The so-called “Guns In Parking Lots” or “Guns At Work” law, which takes effect September 30, 2009, will have direct implications for a number of Arizona employers, and will likely require revisions to companies’ workplace safety and “gun-free” policies.
Locked and Not Visible
This law, codified as A.R.S. § 12-781, makes it illegal for a property owner, tenant, public employer, private employer, or any other business entity to establish, maintain or enforce a policy that prohibits their employees, visitors or customers from storing firearms in their cars or motorcycles so long as the firearms are stored in a locked vehicle or in a locked compartment of a motorcycle, and are not visible from outside the vehicle. This law does not impact an employers’ right to prohibit firearms within its buildings.
However, there are a number of exceptions that allow employers to prohibit the storage of firearms in vehicles:
- If possession of a firearm or allowing storage violates state or federal law (i.e. possession without a permit).
- In employer-owned or leased vehicles or motorcycles, unless the employees are required to store or transport firearms in the course of their duties.
- If the employer is a current United States Department of Defense contractor AND part or all of the property is located on a United States military base or installation.
- If the parking lot, parking garage or other area designated for parking is on an owner- or tenant-occupied single-family detached residence.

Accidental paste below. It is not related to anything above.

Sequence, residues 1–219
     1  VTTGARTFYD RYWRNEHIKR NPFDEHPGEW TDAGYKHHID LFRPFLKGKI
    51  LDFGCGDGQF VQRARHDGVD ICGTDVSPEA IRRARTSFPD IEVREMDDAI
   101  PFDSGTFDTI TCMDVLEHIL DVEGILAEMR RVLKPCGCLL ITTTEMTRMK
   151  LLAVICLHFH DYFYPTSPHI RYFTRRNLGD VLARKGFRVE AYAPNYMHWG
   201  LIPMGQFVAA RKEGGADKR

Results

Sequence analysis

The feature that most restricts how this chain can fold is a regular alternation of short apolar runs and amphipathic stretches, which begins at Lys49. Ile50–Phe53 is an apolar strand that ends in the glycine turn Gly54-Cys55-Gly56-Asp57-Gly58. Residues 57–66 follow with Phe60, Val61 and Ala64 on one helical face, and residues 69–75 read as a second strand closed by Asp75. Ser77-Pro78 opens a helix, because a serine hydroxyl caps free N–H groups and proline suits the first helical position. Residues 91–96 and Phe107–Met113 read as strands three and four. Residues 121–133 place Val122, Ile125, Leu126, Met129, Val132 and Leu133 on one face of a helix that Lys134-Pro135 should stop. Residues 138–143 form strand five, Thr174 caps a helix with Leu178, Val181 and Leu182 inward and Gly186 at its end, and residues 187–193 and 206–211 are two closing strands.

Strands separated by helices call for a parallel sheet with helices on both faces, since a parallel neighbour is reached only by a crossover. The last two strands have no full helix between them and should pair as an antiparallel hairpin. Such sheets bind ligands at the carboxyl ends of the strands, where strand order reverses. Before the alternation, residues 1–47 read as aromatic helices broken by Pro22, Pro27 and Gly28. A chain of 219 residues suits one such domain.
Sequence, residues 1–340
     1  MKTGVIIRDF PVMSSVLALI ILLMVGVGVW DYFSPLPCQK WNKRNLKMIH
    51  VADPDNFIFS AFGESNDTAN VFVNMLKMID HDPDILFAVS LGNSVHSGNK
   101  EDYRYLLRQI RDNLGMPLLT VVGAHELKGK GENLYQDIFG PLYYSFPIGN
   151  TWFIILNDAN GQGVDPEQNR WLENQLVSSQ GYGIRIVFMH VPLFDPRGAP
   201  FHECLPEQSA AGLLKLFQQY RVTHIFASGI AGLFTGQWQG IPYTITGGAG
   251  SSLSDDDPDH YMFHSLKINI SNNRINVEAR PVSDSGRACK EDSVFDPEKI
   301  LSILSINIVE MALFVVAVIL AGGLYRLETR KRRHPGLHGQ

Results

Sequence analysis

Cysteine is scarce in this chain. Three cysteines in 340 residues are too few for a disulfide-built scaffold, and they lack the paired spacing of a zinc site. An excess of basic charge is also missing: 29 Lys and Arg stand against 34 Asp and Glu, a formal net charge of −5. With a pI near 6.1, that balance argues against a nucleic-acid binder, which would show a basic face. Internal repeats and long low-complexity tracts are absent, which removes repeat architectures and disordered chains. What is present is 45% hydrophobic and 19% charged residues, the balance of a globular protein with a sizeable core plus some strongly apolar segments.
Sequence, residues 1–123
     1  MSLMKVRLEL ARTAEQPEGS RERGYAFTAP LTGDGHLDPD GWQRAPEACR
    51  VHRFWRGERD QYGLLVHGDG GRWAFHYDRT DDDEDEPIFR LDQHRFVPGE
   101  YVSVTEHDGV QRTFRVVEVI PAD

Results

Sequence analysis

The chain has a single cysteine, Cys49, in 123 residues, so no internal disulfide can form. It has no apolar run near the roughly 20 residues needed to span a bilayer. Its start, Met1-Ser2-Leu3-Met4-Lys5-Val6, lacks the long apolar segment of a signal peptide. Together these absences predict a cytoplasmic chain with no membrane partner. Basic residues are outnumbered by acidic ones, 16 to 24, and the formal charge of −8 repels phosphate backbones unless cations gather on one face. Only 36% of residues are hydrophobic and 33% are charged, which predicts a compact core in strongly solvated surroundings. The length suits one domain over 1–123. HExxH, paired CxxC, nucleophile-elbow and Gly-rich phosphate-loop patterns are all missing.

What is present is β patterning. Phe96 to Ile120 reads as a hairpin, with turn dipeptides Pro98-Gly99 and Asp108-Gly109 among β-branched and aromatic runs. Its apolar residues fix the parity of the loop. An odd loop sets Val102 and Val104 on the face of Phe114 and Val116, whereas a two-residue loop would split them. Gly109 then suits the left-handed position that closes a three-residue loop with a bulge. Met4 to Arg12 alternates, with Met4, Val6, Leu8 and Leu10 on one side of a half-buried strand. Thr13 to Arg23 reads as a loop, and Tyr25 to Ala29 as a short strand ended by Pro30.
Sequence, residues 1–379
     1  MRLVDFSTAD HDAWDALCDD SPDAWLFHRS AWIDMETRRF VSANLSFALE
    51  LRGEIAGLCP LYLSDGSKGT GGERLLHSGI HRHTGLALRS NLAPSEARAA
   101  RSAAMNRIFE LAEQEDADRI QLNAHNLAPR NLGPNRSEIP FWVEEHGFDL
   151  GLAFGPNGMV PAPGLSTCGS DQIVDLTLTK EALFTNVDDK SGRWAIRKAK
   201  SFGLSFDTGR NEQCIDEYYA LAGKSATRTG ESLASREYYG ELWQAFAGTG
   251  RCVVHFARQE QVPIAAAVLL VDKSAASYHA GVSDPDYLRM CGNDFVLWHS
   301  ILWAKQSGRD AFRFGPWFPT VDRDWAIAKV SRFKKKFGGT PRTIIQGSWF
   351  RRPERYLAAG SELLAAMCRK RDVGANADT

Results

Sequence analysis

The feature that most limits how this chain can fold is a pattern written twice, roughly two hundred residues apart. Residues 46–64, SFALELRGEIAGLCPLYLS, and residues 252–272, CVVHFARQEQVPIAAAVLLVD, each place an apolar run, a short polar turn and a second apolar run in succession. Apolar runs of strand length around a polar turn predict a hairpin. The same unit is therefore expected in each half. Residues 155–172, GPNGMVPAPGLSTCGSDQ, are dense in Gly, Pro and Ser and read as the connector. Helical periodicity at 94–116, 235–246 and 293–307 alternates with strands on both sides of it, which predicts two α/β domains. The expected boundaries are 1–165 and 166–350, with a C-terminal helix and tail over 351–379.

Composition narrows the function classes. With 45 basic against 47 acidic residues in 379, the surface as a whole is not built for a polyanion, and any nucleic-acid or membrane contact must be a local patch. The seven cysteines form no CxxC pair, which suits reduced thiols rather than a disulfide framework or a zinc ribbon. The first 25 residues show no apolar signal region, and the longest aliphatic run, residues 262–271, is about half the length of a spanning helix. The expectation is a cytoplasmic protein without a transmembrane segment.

Three Methods Of Compliance
If an employer is subject to the new law, the company can comply with the statute by implementing one of the following practices:
- The company may allow its employees, customers and visitors to store firearms in their cars so long as they comply with the locked and not visible requirements.
- The company may prohibit the storage of firearms in vehicles or motorcycles, so long as:
- the parking area is fenced or otherwise
secured by a physical barrier; and
- access to the parking area is limited or
monitored by a guard or other security
- the employer provides secure, monitored
firearm storage that is readily accessible to
people entering and exiting the premises.
- The company may prohibit the storage of firearms in vehicles parked in their primary parking area, but must provide alternative parking in a convenient area near the primary parking lot for use by those individuals who want to store a firearm in their vehicle or motorcycle, provided they comply with the locked and not visible requirements. The employer may not charge an extra fee for use of this lot.
To ensure timely compliance with this law, employers should revisit and, if necessary, revise their practices and policies regarding the use and storage of weapons on company premises before September 30, 2009. As part of this process, employers will need to decide which of the three compliance methods they will implement.
Employers should also keep in mind that any change to the company’s weapons policy should not be made in isolation. As with any change to workplace policies that may affect the safety of people on the employer’s premises, this change should not be made without also reviewing and revising other safety, security, and workplace reporting policies.
This Client Alert has been prepared by the Labor and Employment Practice Group at Lewis and Roca LLP for informational purposes only and is not legal advice. Readers should seek professional legal advice on matters involving these issues.
View the entire client alert in PDF format here.